The Office of the Ombudsman has dismissed the last plunder case filed by former Ombudsman Conchita Carpio Morales against former President Gloria Macapagal Arroyo concerning the misappropriation of P73 million in funds of the state-run Philippine Charity Sweepstakes Office (PCSO).
The plunder, graft, and malversation of public funds complaint against Arroyo and some of the agency executives emerged from their alleged misuse of PCSO’s confidential and intelligence funds from 2004 to 2007.
On February 13, 2019, the Ombudsman has junked the complaint in a 10-page resolution, which Arroyo’s office revealed on Sunday.
Morales filed the charges in 2016, the same time the Supreme Court discharged Arroyo from another plunder complaint that also involved PCSO funds from 2008 to 2010.
After that, the Ombudsman said that no evidence would prove that Arroyo misused the P73.617 million funds, along with co-respondents, former PCSO General Manager Rosario Uriarte and former PCSO Chairman Sergio Valencia.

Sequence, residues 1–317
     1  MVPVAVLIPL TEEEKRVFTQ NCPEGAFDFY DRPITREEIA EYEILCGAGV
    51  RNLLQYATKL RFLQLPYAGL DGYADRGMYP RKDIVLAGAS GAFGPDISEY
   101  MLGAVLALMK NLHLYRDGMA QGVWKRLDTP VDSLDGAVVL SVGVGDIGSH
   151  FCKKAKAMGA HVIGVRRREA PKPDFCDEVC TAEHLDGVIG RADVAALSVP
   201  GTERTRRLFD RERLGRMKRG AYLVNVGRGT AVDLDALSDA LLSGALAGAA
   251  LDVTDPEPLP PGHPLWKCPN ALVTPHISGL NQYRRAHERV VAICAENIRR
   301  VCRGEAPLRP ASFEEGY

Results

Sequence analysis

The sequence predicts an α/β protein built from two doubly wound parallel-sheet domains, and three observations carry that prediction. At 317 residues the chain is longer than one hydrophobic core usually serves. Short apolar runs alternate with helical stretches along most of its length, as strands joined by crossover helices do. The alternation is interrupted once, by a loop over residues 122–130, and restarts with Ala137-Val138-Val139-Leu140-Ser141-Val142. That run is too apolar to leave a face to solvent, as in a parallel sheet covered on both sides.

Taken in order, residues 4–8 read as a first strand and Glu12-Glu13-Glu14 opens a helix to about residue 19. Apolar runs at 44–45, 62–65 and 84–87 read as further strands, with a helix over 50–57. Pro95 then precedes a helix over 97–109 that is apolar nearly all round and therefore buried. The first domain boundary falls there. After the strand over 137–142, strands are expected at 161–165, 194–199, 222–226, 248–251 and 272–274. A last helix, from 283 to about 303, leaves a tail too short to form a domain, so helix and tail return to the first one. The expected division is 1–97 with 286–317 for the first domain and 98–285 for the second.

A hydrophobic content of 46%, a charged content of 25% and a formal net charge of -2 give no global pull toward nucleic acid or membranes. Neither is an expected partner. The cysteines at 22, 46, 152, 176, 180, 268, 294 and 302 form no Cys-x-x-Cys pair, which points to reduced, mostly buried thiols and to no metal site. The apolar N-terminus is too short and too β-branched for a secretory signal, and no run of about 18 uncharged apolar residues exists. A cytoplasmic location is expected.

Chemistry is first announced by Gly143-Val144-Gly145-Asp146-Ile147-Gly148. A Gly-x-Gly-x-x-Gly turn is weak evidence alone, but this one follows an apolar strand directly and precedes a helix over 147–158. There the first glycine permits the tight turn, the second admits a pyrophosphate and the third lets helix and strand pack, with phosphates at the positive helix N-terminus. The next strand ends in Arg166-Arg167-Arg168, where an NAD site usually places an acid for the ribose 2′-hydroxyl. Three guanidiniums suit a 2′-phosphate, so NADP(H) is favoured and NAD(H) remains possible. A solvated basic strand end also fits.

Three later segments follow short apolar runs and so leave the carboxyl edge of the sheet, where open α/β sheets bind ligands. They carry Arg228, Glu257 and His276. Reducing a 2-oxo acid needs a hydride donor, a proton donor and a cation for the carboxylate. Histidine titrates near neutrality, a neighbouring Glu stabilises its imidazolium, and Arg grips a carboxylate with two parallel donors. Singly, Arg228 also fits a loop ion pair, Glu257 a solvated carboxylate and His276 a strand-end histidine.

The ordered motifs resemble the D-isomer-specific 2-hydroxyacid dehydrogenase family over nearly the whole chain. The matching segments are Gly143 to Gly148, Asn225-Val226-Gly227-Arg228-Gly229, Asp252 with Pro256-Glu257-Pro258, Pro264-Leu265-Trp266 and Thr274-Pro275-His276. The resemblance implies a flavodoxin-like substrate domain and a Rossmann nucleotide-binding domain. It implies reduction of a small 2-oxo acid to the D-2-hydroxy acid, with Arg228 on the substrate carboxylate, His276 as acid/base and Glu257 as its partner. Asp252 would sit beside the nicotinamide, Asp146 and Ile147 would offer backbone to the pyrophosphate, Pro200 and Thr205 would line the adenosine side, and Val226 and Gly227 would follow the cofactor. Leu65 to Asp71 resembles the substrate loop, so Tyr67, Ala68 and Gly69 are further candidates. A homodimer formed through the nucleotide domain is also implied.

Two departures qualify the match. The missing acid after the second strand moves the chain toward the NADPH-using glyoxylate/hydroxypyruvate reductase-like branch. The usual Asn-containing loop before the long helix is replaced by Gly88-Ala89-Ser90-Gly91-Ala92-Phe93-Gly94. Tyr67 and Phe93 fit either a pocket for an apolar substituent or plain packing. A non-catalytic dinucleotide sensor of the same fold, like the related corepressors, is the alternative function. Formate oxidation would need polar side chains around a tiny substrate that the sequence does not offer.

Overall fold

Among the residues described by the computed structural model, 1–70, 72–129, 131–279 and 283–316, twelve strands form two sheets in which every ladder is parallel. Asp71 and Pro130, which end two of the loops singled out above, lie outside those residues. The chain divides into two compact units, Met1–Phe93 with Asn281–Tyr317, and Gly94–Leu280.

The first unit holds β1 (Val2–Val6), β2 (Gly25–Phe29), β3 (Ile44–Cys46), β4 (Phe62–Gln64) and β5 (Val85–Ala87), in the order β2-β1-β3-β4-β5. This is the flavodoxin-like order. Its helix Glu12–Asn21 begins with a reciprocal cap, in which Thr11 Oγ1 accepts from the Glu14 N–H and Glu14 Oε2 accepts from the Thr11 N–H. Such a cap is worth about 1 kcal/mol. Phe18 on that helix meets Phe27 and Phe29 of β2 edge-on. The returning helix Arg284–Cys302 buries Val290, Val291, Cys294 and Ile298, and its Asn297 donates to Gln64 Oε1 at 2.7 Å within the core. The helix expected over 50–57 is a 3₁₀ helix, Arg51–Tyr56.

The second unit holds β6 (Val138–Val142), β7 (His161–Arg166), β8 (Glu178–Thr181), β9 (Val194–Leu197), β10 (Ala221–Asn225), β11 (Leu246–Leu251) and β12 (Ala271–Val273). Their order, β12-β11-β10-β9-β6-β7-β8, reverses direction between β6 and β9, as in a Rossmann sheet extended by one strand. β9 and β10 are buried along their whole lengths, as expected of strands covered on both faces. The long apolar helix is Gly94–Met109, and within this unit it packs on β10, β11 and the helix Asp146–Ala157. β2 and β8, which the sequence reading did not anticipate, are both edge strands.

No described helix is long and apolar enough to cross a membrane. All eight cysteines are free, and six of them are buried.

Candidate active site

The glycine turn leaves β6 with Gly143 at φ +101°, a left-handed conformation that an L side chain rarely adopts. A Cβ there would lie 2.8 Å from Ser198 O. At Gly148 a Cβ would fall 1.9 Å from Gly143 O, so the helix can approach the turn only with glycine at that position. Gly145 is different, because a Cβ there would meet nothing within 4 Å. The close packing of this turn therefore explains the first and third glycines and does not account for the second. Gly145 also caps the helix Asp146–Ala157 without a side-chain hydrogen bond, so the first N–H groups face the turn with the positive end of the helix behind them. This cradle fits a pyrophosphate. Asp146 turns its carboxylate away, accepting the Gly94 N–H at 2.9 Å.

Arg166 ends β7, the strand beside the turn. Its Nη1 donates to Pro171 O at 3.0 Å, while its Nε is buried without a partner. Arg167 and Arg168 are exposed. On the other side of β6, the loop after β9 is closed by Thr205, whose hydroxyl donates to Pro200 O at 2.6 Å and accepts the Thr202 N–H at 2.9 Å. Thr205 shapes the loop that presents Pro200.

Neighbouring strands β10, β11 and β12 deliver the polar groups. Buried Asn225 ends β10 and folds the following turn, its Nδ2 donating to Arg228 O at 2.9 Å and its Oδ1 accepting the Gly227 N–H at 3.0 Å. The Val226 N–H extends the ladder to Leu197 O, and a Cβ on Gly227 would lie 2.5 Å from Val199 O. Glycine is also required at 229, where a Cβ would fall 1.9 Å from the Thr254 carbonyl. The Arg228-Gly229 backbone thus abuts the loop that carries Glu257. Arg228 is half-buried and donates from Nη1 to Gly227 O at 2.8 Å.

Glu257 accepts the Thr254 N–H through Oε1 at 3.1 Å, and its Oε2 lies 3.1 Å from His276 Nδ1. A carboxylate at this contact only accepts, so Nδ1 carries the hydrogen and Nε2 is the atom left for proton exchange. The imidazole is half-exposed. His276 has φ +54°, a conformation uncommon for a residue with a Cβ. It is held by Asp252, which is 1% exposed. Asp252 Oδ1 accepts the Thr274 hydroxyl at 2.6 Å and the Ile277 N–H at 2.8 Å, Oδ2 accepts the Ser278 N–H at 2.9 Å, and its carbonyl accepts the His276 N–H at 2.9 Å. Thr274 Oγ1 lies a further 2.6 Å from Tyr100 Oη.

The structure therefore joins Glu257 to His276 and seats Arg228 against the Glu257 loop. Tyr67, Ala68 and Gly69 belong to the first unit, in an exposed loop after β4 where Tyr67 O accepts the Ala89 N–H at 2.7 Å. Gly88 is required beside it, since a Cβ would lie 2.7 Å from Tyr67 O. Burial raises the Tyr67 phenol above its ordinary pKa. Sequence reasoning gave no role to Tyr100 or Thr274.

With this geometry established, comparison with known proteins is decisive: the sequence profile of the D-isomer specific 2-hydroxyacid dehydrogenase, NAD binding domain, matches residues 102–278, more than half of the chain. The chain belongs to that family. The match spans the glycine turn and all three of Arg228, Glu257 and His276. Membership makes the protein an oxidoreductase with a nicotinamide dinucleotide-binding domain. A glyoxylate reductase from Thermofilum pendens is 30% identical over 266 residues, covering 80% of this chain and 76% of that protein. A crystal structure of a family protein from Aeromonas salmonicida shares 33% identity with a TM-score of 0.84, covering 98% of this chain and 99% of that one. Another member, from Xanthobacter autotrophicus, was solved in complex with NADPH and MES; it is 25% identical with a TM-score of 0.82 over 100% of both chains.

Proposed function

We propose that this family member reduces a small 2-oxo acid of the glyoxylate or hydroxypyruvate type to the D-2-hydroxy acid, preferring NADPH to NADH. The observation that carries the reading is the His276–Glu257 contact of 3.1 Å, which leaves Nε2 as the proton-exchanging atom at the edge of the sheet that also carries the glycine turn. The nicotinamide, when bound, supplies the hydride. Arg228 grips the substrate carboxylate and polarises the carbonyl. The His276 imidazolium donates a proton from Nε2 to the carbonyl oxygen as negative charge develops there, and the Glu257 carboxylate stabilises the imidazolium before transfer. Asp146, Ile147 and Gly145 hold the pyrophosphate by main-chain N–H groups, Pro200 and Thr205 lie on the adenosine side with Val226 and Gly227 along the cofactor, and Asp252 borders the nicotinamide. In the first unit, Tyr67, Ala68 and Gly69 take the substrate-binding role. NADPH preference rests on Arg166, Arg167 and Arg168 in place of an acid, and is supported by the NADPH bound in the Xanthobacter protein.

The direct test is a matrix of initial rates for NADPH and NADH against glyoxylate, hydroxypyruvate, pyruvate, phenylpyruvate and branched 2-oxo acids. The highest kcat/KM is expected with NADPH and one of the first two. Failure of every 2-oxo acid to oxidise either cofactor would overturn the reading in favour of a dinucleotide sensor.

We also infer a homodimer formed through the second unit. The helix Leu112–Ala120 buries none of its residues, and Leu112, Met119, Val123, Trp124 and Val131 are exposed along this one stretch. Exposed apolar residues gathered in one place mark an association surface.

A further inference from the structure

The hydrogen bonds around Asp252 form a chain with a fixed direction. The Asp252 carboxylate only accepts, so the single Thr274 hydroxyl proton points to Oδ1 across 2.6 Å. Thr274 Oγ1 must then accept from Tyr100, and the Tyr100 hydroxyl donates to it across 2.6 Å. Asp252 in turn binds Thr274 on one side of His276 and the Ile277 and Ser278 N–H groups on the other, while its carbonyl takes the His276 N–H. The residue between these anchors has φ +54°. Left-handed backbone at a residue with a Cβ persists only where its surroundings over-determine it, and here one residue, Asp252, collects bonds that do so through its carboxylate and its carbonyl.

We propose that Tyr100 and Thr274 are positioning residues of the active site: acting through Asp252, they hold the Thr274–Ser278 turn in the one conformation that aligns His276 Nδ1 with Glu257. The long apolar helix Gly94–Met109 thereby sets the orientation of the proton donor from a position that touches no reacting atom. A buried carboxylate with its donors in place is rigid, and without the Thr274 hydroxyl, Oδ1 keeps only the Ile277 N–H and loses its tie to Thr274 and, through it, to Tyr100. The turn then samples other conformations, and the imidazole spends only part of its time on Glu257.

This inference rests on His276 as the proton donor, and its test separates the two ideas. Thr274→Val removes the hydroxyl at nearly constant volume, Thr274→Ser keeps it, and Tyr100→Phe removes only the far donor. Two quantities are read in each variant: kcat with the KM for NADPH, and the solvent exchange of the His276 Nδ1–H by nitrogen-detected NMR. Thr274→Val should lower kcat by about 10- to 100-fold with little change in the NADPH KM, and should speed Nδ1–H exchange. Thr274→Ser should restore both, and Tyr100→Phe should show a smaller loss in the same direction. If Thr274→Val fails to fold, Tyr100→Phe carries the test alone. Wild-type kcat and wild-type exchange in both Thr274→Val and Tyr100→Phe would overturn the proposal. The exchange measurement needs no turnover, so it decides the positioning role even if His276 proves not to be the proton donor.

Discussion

“The High Court ruled, among other things, that (1) the Prosecution did not prove the existence to conspiracy among Arroyo, Aguas and Uriarte.; (2) no proof of amassing or accumulating, or acquiring ill-gotten wealth of at least P50 million was adduced against Arroyo and Aguas and finally (3) the prosecution failed to prove the predicate act of raiding the public coffers,” the ruling reads.
Uriarte and Valencia’s request were legal
Moreover, the resolution stated that the Supreme Court had already learned that the request of Uriarte and Valencia for 2008 to 2010 were legal because they followed the requirement under the Letter of Instructions (LOI) in the disbursement of intelligence funds.
Also, in the following case filed covering 2004 to 2007, the Ombudsman said their requests had all the requirements of the mentioned LOI.
“Absent clear and convincing evidence to the contrary, therefore, respondents, as public officers, enjoy the presumption of regularity in the performance of official duties,” the Ombudsman pronounced.
Meanwhile, the ex-President’s counsel Laurence Arroyo accepted the dismissal of what was considered as ‘pahabol’ complaint.
“It takes as much moral courage and intellectual honesty to dismiss a case as it does to file and prosecute one. What has been said of a public prosecutor can be said of the Ombudsman: Its interest in a criminal prosecution is not that it shall win a case but that justice shall be done’,” he stated.
Graft investigation officer Lucielo Ramirez Jr. penned the ruling, which was later approved by Ombudsman Samuel Martires.